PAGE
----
A banyan tree which is famous in Buddhist literature. It was in
Uruvelā, on the banks of the
Nerañjara, near the Bodhi tree, and a week
after the Enlightenment the Buddha went there and spent a week cross-legged at
the foot of the tree. There he met the Huhunkajātika
Brahmin (Vin.i.2-3). Two weeks later he went there again from the
Rajāyatana (Vin.i.4). It was then that the
Brahma Sahampati appeared to him and persuaded
him to preach the doctrine, in spite of the difficulty of the task (Vin.i.5-7;
in the eighth week after the Enlightenment, says Buddhaghosa, SA.i.152). This
was immediately after the meal offered by Tapassu
and Bhalluka, so says the Majjhima Atthakathā
(i.385; J. i.81). When the Buddha wishes to have someone as his teacher,
Sahampati appears again and suggests to him that the Dhamma be considered his
teacher (A.ii.20f.; S. i.138f).
By Ajapāla-nigrodha it was, too, that, immediately after the Enlightenment,
Mara tried to persuade the Buddha to die at once
(D.ii.112). Several other conversations held here with Mara are recorded in the
Here, also, the Buddha spent some time before the Enlightenment (D.ii.267),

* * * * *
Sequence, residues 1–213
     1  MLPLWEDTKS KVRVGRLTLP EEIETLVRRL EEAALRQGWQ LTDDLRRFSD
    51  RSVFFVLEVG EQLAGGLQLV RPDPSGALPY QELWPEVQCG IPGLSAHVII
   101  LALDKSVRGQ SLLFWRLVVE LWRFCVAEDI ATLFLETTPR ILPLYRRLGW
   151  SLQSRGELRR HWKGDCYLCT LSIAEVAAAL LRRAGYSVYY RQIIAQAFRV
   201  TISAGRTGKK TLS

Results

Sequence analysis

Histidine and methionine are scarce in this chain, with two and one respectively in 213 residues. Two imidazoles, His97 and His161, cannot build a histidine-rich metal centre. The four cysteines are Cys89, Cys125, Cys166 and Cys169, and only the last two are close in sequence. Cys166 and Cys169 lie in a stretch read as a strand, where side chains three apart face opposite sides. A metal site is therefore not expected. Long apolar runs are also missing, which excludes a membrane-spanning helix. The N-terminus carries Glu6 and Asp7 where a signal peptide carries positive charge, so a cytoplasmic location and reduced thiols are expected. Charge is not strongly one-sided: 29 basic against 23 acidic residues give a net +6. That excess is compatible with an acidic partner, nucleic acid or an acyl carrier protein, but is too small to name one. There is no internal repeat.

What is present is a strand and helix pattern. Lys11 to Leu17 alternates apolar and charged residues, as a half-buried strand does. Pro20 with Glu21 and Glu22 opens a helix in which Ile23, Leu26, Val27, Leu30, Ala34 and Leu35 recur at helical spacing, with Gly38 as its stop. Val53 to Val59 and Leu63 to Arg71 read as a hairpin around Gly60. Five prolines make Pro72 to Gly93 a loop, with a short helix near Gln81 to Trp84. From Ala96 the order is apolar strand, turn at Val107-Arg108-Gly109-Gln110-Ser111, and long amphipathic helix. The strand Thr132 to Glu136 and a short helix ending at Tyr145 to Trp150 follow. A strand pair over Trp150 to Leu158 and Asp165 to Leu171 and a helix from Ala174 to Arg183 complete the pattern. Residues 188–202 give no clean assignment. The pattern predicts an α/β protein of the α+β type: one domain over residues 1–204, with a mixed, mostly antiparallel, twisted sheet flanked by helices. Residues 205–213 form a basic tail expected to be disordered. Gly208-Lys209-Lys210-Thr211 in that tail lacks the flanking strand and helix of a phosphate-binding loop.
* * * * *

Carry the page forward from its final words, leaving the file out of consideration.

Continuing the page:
and it was here that Sujata offered him a meal
of milk-rice (J.i.16, 69).
Here, in the fifth week after the Enlightenment, Mara's daughters tried to
tempt the Buddha (J.i.78, 469).'
Several etymologies are suggested for the name:
- (a) in its shadow goatherds (ajapālā) rest;
- (b) old brahmins, incapable of reciting the Vedas, live here in dwellings
protected by walls and ramparts (this derivation being as follows: na japantī
ti =ajapā, mantānam anajjhāyakā=ajapā, Ālenti arīyanti nivāsam etthāti=Ajapālo
- (c) it shelters the goats that seek its shade at midday (UdA.51).
The northern Buddhists say that the tree was planted by a shepherd boy,
during the Bodhisatta's six years' penance, to shelter him (Beal., Romantic
Legend of Buddha,192, 238; Mtu.iii.302).
The Brahmā Sutta (S.v.167) and the
Magga Sutta (S.v.185), both on the four
satipatthāna, and another Brahmā Sutta (S.v.232f) on the five indriyāni, were
concerning thoughts that occurred to the Buddha on various occasions at the foot
of this tree, when he sat there soon after the Enlightenment. On all these
occasions Brahma Sahampati appeared to him and confirmed his thoughts. Several
old brahmins, advanced in years, visited the Buddha during this period and
questioned him as to whether it were true that he did not pay respect to age. To
them he preached the four Thera-karanā dhamma. A.ii.22.